An alternative circuit is shown at the right. It uses a mono-polar power supply and only 12AU7s. No feedback is used and total idle current equals 15 mA per channel. The power supply noise that makes to the output is nulled out by adjusting the amount of power supply noise at the second triode's grid. This signal is phase inverted at the plate where it then cancels. The heater power supply should be reference to +75 volts. To avoid having the front-end adding too much distortion to this amplifier, the common cathode resistor can be replaced with a current source.
The next circuit to the right also uses only 12AU7s and uses a White cathode follower at its output. The circuit below it uses a 12AX7 as an input tube configured as a cathode follower. While probably unnecessary, the cathode follower will extend the bandwidth of the line-stage amplifier.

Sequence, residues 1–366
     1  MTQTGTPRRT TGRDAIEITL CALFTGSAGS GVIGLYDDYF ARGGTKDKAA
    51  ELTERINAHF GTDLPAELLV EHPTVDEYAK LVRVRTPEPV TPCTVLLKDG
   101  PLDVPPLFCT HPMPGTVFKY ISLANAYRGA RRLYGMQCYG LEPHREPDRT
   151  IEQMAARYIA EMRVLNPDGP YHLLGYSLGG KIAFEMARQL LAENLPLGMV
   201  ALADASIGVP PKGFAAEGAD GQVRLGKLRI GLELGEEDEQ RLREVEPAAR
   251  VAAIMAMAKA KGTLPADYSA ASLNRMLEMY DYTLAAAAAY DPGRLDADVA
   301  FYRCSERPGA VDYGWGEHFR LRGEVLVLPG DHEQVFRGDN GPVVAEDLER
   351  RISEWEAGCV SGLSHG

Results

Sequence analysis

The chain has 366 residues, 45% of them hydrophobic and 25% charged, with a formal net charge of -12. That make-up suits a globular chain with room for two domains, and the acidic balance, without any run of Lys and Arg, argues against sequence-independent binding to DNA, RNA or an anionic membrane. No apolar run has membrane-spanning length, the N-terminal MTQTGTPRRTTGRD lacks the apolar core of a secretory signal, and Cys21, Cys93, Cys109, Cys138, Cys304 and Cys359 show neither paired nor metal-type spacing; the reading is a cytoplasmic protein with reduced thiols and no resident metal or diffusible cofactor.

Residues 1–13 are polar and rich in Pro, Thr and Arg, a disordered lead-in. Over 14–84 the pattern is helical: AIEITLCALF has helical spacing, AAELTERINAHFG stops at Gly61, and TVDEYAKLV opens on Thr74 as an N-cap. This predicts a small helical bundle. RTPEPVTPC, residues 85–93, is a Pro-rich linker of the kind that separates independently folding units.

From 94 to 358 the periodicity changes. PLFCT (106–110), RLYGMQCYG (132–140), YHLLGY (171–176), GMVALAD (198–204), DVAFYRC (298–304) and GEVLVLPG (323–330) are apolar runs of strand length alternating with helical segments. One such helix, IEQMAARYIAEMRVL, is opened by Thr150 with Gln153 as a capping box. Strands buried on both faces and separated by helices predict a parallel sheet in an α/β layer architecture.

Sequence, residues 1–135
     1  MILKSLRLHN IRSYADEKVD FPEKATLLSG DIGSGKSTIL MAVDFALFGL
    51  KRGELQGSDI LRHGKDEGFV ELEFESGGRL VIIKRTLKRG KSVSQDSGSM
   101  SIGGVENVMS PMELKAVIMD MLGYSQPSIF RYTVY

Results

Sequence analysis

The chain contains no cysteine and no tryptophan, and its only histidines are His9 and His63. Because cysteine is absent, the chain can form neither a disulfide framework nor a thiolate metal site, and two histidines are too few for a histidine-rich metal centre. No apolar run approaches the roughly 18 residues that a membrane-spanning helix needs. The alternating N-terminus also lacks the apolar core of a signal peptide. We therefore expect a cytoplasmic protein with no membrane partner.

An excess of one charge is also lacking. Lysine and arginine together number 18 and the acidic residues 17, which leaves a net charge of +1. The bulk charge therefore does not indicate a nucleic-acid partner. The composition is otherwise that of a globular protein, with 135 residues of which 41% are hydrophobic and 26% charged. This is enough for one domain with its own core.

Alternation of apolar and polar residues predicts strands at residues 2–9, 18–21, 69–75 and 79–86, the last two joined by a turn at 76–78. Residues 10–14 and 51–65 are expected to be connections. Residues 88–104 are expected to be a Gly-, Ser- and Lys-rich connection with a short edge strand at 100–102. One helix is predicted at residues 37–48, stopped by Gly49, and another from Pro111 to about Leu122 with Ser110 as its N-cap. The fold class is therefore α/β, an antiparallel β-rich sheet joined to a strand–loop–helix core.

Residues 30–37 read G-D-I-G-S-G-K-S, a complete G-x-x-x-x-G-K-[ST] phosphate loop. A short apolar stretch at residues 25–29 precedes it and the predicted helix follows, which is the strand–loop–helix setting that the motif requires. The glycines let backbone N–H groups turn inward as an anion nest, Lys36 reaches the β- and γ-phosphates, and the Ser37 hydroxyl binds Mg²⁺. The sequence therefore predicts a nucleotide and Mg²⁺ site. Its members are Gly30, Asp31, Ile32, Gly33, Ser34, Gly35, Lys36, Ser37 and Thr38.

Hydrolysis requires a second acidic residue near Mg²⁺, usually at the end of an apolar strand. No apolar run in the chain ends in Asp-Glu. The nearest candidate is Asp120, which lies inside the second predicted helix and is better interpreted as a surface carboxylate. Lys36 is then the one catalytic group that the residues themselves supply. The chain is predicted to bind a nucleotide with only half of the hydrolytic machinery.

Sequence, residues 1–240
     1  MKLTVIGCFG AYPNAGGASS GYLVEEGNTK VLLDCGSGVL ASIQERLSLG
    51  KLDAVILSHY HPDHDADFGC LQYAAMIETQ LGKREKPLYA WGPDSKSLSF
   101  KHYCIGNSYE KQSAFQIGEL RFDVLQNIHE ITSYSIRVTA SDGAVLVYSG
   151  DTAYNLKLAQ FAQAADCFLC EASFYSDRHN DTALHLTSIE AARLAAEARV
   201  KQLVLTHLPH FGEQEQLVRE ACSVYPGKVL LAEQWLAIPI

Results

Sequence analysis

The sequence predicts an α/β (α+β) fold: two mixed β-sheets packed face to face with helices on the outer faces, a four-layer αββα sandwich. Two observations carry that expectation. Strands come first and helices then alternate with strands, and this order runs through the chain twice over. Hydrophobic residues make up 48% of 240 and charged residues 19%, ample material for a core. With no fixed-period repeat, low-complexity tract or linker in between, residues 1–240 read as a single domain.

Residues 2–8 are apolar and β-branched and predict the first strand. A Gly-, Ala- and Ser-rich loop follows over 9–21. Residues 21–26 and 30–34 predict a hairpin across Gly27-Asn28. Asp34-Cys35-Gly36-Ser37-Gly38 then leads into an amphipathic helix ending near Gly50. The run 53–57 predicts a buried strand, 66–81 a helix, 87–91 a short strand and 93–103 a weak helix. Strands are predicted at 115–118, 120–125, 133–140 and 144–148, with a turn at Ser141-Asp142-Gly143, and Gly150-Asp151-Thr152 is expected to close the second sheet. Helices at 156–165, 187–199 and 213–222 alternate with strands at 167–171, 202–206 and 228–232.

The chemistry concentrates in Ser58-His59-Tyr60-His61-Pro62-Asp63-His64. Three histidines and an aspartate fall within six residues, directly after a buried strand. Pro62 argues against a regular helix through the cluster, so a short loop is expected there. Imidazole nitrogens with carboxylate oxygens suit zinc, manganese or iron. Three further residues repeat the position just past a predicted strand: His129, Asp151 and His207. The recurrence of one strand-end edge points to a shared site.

Both of these circuits invert the output phase. This will upset some audiophiles unnecessarily, as all that is required to set thing straight is to invert the wires leading to the speakers. Yet, some audiophiles balk at the suggestion. Let's imagine a comparable situation. A man walks up to a saleswoman at a bookstore and displays a book held upside down in his hand. He says that this book is the last of its type in the store and he would gladly buy if the printers hadn't printed it upside down. The saleswomen asks why he doesn't turn the book around. He snootily replies that he does buy misprinted books period. She informs that the manager has one copy of the same book in the backroom and that she is willing to swap the books if he wishes. She returns with the righted book and the customer is happy.